Once again, Tiger Woods got everyone talking.
Second rounds of the WGC-Bridgestone Invitational don't usually become must-see TV, but that's exactly what happened on Friday when Woods took over the course.
At one point Woods was on pace for an elusive 59, but after making par on the last two holes, the golfing great ended up "settling" for a course-record 61.
Starting his round with a birdie, an eagle and another birdie, Woods immediately indicated that he was about to do something special.
As his flawless round continued hole-by-hole, there was a noticeable buzz in the air, the kind that only someone of Tiger Woods' cross-culture celebrity can generate.
Following Tiger on the course now, there is a palpable buzz in the air. Not a single person here doesn't understand this could be historic.— Jason Sobel (@JasonSobelGC) August 2, 2013
All around the world, casual viewers began to tune in, remembering how much fun it is to watch Woods play his best golf.
Fifty nine is always the magic number, and after 13 holes, Woods was nine-under on the day and only needed two birdies in the last five holes to make history.
The Golf Channel officially branded it "59 Watch."
Golf Channel actually has "59 WATCH" over their network logo right now http://t.co/55CM7QBE6F— CJ Fogler (@cjzero) August 2, 2013
Though Woods ended up coming up two strokes short, his phenomenal par save on the 18th hole was the perfect way to cap off his transcendent round. He hit his tee-shot into the gallery and ended up being left with a 25-foot putt to make par.
In vintage Tiger style, he holed it.
As the electricity surrounding his round on Friday proved once again, nobody lights up the sports world like the controversial but legendary Woods, who is still trying to win his first major in over five years after a string of injuries and an infamous personal controversy sidelined his quest for 18.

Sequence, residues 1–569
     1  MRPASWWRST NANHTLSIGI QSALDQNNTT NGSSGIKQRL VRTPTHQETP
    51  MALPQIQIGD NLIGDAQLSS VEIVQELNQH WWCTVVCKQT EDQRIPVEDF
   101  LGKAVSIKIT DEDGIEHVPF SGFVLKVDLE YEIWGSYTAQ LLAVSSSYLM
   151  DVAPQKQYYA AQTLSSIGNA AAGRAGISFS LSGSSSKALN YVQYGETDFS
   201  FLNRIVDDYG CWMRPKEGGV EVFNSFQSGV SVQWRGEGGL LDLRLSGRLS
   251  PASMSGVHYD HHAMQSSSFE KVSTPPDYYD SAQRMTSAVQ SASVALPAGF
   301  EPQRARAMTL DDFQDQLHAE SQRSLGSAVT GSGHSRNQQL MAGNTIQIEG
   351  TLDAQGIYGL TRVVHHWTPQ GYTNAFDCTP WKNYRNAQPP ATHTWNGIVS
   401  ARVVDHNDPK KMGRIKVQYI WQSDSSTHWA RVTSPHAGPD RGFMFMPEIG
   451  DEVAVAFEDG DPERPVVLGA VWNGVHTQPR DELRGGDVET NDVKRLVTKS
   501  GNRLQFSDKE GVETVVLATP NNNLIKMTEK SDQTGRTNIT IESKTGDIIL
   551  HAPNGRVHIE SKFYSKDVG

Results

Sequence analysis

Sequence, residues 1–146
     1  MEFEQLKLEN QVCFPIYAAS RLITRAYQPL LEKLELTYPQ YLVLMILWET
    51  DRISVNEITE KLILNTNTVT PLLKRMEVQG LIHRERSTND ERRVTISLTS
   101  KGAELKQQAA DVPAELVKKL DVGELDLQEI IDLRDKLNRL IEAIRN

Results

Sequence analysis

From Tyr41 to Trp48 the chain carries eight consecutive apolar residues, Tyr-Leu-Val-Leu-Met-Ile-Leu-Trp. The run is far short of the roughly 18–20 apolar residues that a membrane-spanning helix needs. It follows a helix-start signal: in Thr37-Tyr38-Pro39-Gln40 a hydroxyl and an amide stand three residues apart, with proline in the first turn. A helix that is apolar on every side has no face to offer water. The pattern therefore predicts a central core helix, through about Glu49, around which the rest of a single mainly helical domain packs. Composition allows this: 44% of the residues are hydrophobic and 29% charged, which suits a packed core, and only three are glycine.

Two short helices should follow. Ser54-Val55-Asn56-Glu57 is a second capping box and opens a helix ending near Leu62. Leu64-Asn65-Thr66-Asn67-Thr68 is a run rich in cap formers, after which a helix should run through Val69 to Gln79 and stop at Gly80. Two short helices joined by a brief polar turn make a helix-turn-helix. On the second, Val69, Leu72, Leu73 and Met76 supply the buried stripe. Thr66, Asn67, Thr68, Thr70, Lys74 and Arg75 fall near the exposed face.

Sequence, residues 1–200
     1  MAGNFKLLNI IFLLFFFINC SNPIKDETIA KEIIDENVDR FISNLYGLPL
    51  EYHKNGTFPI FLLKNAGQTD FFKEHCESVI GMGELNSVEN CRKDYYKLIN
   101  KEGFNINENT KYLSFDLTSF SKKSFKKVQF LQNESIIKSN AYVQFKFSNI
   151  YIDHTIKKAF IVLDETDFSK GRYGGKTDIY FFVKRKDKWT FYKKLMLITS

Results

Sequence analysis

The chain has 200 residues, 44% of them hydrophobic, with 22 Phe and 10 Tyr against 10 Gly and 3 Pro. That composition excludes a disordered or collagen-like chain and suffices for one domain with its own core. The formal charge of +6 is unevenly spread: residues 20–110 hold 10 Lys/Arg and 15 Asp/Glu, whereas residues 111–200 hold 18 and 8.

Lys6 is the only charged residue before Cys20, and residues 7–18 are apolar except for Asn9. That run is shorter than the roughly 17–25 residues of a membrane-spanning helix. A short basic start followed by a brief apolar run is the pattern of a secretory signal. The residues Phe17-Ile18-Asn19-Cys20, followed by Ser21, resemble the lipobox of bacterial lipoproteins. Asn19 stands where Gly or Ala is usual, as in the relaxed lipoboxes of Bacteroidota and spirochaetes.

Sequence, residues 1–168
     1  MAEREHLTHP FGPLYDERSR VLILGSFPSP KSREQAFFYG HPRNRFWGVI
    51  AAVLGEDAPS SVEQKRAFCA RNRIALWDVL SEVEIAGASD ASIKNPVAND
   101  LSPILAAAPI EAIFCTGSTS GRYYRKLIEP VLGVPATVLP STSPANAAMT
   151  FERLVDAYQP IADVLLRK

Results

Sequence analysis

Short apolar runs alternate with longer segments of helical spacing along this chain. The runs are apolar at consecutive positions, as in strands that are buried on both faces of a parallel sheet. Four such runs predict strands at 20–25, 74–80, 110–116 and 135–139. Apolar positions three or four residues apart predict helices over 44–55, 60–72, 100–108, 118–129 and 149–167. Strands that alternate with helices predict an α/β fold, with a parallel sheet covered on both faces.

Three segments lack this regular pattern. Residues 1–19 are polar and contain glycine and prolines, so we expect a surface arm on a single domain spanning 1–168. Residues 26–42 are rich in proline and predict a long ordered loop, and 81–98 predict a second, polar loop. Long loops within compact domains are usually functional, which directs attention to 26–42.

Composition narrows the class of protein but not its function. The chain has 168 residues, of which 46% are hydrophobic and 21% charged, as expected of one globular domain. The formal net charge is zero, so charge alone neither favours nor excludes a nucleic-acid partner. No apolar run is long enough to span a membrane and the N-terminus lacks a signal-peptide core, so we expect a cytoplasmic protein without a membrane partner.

This year has been a huge step back in the right direction for the 14-time Major champion, as he has re-claimed the No. 1 ranking over Rory McIlroy, won a PGA-best four titles and been in the conversation at the Masters and British Open.
While he's not quite the Tiger Woods that he once was, days like Friday prove that he's getting a whole lot closer.
But make no mistake about it, Woods is far from satisfied. It's still all about the majors.
If he comes up short next week at the PGA Championships, there will still be fans and pundits doubting if he will ever be the dominating golfer that he once was. Days like Friday will become mere footnotes.
Woods certainly earned such expectations fair and square, as he's been public about his quest to become the best golfer of all time. Larger-than-life figures have to do larger-than-life things to satisfy the masses.
Woods is a celebrity in his own stratosphere, a golfer playing under a different microscope than the rest of the field and a multi-million dollar marketing entity all by himself. He doesn't live by everyone else's rules because he has proved time and time again that he's not like everyone else.
But, at least for one special day at Firestone, we remembered what all the buzz is all about.